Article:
Affiliation: Institute of Genetics and Biophysics "A. Buzzati-Traverso", CNR
Location: Naples, Italy
The Cell-maker: an automation platform for phenotypic screens on Embryonic Stem Cells (ESCs)
ESCs got increasing importance as a model system in basic research, drug discovery and biomedical applications. However, despite their potential, the conventional methods to culture them and in particular to generate ESC-derived somatic progenies are still laborious and poorly reproducible, mainly due to the high variability of manual cell cultures and the limited availability of molecules controlling ESC growth and differentiation. To reverse this trend, the combined automation of the procedures required for both ESC manipulation and molecular screening provides a promising opportunity to identify new regulators of Stem Cell Biology. With this aim, the Cell-maker, a novel integrated robotic platform, has been developed within the Stem Cell Fate Laboratory to fully automate the time-consuming culturing tasks in 96-well microplate format, allowing the screening of small molecules on ESC-based phenotypic assays (proliferation, pluripotency, colony morphology, targeted differentiation).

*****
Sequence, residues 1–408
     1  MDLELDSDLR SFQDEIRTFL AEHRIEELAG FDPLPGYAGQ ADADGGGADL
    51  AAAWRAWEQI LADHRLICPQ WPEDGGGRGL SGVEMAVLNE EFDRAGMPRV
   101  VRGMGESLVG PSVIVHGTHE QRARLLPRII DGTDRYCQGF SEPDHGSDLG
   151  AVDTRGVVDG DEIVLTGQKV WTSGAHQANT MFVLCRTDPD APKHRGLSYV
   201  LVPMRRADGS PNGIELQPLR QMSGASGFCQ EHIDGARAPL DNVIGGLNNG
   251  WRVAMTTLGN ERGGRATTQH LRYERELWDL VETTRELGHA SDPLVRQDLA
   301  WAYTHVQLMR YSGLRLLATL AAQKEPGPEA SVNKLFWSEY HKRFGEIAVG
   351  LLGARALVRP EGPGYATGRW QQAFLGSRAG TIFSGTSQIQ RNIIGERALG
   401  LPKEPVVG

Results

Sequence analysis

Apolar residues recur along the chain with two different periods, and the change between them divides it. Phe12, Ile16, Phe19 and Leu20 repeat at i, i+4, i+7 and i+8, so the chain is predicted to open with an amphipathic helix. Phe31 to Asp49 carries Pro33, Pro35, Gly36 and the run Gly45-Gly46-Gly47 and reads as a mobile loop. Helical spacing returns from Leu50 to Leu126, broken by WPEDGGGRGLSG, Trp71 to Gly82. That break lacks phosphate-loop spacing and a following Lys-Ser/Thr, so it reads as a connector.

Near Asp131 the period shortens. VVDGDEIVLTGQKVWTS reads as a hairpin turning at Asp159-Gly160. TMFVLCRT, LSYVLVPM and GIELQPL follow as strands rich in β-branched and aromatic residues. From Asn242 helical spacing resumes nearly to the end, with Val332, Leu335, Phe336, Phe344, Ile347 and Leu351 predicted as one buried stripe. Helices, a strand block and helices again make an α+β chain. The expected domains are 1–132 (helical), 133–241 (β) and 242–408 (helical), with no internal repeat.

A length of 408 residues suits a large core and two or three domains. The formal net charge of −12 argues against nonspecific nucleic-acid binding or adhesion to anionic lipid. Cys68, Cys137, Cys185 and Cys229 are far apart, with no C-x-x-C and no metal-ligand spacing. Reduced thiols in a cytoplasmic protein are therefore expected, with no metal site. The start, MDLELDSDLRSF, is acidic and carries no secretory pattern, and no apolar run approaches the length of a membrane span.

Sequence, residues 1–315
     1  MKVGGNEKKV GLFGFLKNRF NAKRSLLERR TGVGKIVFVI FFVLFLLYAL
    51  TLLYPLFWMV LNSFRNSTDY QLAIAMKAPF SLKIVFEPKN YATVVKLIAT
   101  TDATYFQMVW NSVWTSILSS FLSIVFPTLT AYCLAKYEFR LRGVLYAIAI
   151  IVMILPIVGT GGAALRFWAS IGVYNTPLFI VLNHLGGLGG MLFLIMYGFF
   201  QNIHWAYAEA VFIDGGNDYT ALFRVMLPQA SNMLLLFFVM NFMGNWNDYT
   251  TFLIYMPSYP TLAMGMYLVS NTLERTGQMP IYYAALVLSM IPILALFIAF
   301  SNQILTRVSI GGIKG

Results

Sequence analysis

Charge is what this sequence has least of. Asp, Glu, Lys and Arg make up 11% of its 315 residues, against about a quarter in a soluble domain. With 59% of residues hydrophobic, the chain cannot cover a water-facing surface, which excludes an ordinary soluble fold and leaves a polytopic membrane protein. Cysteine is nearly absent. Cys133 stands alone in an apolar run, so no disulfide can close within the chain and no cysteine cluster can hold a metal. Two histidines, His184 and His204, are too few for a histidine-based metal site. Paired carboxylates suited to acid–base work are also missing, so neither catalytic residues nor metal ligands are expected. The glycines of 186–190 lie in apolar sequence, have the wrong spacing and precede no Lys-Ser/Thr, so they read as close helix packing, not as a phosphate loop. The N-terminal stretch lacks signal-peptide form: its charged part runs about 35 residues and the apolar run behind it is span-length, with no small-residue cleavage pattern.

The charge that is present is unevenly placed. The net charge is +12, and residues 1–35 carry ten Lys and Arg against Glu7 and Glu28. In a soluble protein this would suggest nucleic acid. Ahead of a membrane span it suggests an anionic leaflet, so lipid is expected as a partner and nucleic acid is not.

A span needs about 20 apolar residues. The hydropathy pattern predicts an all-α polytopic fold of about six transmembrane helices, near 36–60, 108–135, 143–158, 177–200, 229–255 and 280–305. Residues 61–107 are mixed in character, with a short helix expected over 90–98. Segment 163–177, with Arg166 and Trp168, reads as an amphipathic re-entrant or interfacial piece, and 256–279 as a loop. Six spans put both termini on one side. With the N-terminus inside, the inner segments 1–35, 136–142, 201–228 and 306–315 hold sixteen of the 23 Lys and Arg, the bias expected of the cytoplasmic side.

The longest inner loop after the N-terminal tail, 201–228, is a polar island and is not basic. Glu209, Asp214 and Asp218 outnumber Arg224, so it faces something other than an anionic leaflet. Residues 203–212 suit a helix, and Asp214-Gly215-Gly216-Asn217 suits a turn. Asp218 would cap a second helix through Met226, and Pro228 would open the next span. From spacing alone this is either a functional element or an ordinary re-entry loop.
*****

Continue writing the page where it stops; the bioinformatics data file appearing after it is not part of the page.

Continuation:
Metabolites control metastability and pluripotency of mouse Embryonic Stem Cells (mESCs)
The molecular mechanisms controlling the metastability of mESCs, i.e. their capability to fluctuate between different states of pluripotency, are not fully resolved. By exploiting the Cell-maker automation platform for phenotypic screens, we tested a library of metabolites on two different ESC-based assays, proliferation and colony morphology, identifying two metabolically related amino acids, namely L-Proline (L-Pro) and L-Ornithine (L-Orn), as key regulators of ESC metastability. Both compounds, but mainly L-Pro, force ESCs toward a novel Epiblast Stem Cell (EpiSC) - like state, in a dose- and time-dependent manner. Unlike described EpiSCs, L-Pro-induced Cells (PiCs) contribute to chimeric embryos and rely on leukemia inhibitor factor (LIF) to self-renew. Furthermore, PiCs revert to ESCs or differentiate randomly upon removal of either L-Pro or LIF, respectively. Most remarkably, PiC generation depends on both L-Pro metabolism (uptake and oxidation) and Fgf5 induction, and is strongly counteracted by antioxidants, mainly L-Ascorbic acid (Vitamin C). ESCs <-> PiCs phenotypic transition thus represents a previously undefined dynamic equilibrium between pluripotent states, which can be unbalanced either toward an EPiSc-like or ESC phenoptyoe by L-Pro/L-Orn or Vitamin C treatments, respectively. All together, our data provide evidence that ESC metastability can be controlled/regulated at a metabolic level.